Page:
Up­skilling for the fu­ture

BE PROAC­TIVE: BUSI­NESS LAG­GING BE­HIND

The Citizen (KZN) - - Business - Munya Du­vera is chief ex­ec­u­tive officer at Du­vera El­group Munya Du­vera

SA has a short­age of em­ploy­ees with skills that be­fit the fourth in­dus­trial rev­o­lu­tion.

They say there is a skills short­age in South Africa. How ironic amid the high­est unem­ploy­ment rate South Africa has ever ex­pe­ri­enced. To be fair, the skills short­age is in crit­i­cal skills in pro­fes­sional sec­tors such as bio­chem­i­cals, fintech, in­for­ma­tion tech­nol­ogy, fi­nance, telecom­mu­ni­ca­tions, phar­ma­ceu­ti­cals and en­ergy to name a few. These are sec­tors that the greater per­cent­age of the South African population is not skilled in.

This is clearly a re­sult of lack of plan­ning on the gov­ern­ment’s part. The gov­ern­ment failed to equip its peo­ple with skills for this cur­rent econ­omy. It is in­com­pre­hen­si­ble that uni­ver­si­ties and col­leges still of­fer ob­so­lete pro­grammes that the mar­ket no longer re­quires as a skill set. Clearly, the gov­ern­ment and the ed­u­ca­tional fra­ter­nity need to have a sit down to de­velop a frame­work that equips the peo­ple with rel­e­vant skills.

But not to place all the blame on the gov­ern­ment and the ed­u­ca­tional in­sti­tu­tions, we must also look at busi­ness and ask what hand does it or should it play.

A sim­ple ex­am­ple is digi­ti­sa­tion, many pro­cesses that were pre­vi­ously done man­u­ally by peo­ple can now be car­ried out by com­puter sys­tems through au­to­ma­tion. Re­cently, the bank­ing sec­tor an­nounced mas­sive re­trench­ments through the shut­ting down of many of its branches. They did this be­cause more con­sumers are util­is­ing dig­i­tal bank­ing and not walk­ing into phys­i­cal branches which trans­lates to less phys­i­cal branches re­quired.

The ques­tion be­comes shouldn’t the banks have up­skilled their bank tell­ers, for ex­am­ple, al­low­ing them to move from bank tell­ers to a dig­i­tal bank­ing func­tion? Theo­crat­i­cally it makes sense but ob­vi­ously, it is more com­pli­cated than that.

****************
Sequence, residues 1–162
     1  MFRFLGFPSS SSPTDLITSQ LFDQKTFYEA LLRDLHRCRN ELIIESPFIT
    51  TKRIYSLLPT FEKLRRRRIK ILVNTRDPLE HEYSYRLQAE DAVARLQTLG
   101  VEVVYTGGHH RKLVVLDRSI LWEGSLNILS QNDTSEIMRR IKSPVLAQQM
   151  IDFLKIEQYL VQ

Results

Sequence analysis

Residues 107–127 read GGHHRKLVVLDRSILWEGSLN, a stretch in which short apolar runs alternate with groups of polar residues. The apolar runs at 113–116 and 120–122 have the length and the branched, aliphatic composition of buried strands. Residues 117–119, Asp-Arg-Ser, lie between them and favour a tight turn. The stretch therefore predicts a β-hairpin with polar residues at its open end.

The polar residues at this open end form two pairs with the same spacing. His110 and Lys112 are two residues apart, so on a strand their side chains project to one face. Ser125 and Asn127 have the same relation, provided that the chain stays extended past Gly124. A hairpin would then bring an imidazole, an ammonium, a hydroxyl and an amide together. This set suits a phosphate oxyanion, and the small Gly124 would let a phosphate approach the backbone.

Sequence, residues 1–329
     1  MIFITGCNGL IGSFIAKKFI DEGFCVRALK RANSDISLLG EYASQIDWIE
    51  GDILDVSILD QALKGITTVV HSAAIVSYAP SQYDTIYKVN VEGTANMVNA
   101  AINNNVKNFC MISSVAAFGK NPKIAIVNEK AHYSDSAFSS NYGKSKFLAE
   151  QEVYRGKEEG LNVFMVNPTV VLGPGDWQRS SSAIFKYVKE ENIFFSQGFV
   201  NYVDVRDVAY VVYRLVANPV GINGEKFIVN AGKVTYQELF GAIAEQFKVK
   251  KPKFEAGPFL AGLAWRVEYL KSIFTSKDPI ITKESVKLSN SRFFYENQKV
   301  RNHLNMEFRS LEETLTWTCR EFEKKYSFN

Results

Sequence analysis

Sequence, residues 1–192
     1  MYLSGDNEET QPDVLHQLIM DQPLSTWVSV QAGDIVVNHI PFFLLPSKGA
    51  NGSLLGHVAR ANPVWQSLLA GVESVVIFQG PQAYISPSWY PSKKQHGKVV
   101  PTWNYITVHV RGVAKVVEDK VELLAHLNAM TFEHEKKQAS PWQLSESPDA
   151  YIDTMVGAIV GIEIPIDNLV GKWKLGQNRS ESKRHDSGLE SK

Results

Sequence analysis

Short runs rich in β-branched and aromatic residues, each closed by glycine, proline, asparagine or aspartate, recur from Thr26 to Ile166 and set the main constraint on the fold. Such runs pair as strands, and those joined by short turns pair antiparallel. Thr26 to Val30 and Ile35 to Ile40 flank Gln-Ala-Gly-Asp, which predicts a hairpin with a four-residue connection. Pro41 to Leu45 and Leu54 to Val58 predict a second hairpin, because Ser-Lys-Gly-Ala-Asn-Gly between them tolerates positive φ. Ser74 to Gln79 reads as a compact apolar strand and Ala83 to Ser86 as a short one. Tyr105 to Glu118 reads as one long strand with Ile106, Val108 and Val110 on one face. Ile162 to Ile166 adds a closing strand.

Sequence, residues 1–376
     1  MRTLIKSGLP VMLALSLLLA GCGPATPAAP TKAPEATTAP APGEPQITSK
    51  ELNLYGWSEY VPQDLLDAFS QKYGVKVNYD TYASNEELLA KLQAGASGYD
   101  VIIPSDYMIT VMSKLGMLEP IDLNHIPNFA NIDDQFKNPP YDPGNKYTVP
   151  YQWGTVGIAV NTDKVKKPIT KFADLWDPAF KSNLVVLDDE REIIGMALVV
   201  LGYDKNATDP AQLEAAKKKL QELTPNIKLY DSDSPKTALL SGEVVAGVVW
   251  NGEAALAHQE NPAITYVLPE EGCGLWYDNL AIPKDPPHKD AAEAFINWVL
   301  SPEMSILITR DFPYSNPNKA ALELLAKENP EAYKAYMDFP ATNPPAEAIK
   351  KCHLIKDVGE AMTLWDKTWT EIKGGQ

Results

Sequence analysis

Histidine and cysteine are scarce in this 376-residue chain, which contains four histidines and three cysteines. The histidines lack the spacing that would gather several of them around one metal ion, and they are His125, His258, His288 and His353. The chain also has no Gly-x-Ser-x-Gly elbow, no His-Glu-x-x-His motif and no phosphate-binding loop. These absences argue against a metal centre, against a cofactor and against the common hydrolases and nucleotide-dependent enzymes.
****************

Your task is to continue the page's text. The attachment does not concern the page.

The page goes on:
But the gen­eral idea is sim­ple, should busi­nesses up­skill their em­ploy­ees to­wards the new econ­omy? Should it be your re­spon­si­bil­ity as a busi­ness owner, to be­gin with? Be­cause the bank­ing sec­tor ar­gues that they knew that they were go­ing to phase out phys­i­cal branches pos­si­bly two or three years ago. Should they have used this time to up­skill branch em­ploy­ees al­low­ing them to par­tic­i­pate in the new bank­ing for­mat?

Or should that be each em­ployee’s re­spon­si­bil­ity?

It is no se­cret that the world is mov­ing to­wards digi­ti­sa­tion. There­fore, shouldn’t an ea­ger, wise em­ployee take it upon them­selves to up­skill and ready them­selves for change?

It’s a good de­bate to be had but one thing is clear. South Africa has a short­age of 21st cen­tury em­ploy­ees with skills that be­fit the fourth in­dus­trial rev­o­lu­tion.

It is there­fore up to each busi­ness owner to de­cide whether to in­vest in up­skilling em­ploy­ees for the bet­ter­ment of their busi­ness. Wait­ing for gov­ern­ment might leave your busi­ness lag­ging due to a lack of rel­e­vant skilled labour.

Pic­ture: Shuttersto­ck

PART­NER UP. The gov­ern­ment and the ed­u­ca­tional fra­ter­nity need to have a sit down to de­velop a frame­work that equips the peo­ple with rel­e­vant skills.

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